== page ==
• Biographical sketches of the project team; and
  • Letters of commitment/support from appropriate administrators and partnering institutions. Please note: To request a letter of support from the UD Vice Provost for Research Office, the Provost, or President, please follow this procedure:
    • Draft the letter of support
    • E-mail the letter to your contract-and-grant administrator in Research Office. To locate the correct staff member, see the Department Administrator directory in the Staff Directory.
    • If changes to the letter are required, you will be notified.
    • Research Office will shepherd the letter and proposal to the appropriate UD administrator for signature and provide a copy to you for your files.

If your proposal requires an evaluation component, an excellent resource to consult on campus is the UD Education Research and Development Center. If your proposal requires "Broader Impacts" in informal public education and outreach, a great external resource is the National Alliance for Broader Impacts Guiding Principles and Questions. Internally you are encouraged to contact the Research Communications Initiative in the UD Office of Communications and Marketing for advice. The office participates in selected proposals and also is aware of other units on campus who are involved in public education and outreach that may be available to assist you.

As you draft your proposal, make sure to cross-reference your content with key themes and requirements indicated in the funding announcement. Ask colleagues with experience writing winning proposals to read your draft and provide constructive criticism. You might also ask to serve on an upcoming proposal review panel for a particular agency to gain further insight into how proposals are evaluated.

Developing competitive research proposals is hard work, but the rewards can be great in terms of future discoveries. It's important not to discouraged if your proposal is not funded, but to learn from the experience and move on, for another opportunity likely lies just around the corner....

Please follow this link to Data Management Plans.

My proposal has been funded! Now what do I do?

At this point, notify Research Office, your dean, and departmental research administrator with the good news, as well as the UD Office of Communications & Marketing, which may issue a news release about your award.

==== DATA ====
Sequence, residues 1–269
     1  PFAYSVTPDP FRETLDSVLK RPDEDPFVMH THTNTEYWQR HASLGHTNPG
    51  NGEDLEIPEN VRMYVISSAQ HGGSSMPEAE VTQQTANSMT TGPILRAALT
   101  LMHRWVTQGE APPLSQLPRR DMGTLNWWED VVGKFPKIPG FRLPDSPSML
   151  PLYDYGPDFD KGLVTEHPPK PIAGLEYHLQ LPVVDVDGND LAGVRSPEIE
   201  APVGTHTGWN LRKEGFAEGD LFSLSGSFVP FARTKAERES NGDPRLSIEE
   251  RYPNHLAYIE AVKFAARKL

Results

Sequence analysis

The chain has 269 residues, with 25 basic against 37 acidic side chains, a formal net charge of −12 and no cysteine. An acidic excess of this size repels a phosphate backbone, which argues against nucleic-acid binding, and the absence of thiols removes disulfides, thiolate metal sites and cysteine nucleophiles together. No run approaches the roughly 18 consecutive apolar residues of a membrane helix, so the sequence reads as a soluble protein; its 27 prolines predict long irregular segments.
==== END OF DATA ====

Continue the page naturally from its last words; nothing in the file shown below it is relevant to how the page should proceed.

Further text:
You should then work closely with your departmental research administrator in establishing your research project account, or "Purpose," in UD PeopleSoft. You'll find all the guidelines for setting up the award, maintaining it, and closing it out in our online Grants Management Guide.

And while you may just be beginning your grant now, be sure to review the Grant Management Guide on "Protecting Your Results," which includes our online Intellectual Property Guide and important policies, and tour the Technology Marketplace.

Also, don't miss the "Presenting Your Results" section of the Researcher's Toolbox for helpful advice on preparing for media interviews, developing scientific posters, presenting public lectures, garnering UD and external media coverage of your research, and more.

Remember, research is an important part of our mission here at the University of Delaware, and you have serious responsibilities as a UD research investigator. We want to make sure you are familiar with our requirements and help facilitate your research success. If you have any questions, contact us at udresearch@udel.edu. Good luck with your research!

What is the difference between Post Doctoral Fellow and Post Doctoral Researcher?

Post Doctoral Fellow Guidelines


The title of "Post Doctoral Fellow" is designed for people who are at the University doing research primarily as independent learners, not on assigned projects as employees; the “Post Doctoral Fellow” designation is akin to an advanced graduate student, and the IRS specifically views post doctoral fellows as non-employees.

While there are Post Doctoral Fellows at the University who fit this description, there are also some who currently have this designation but are not eligible under existing UD policy, IRS regulations, or visa status.  These people must be handled differently.

Therefore, there exists the job title of "Post Doctoral Researcher" for researchers who are here primarily to work on assigned projects as employees for a limited period of time after having obtained their doctorates.

The characteristics of Post Doctoral Researchers are:

  • Professional position
  • Fiscal appointments
  • Requires doctorate
  • Minimum full-time annual rate of $33,097
  • Benefits will be charged in the same way as other professionals (this is a significant difference from post doctoral fellows)
  • Annual appointments, renewable up to 2 times for a total of three years; exceptions may be approved by the appropriate Dean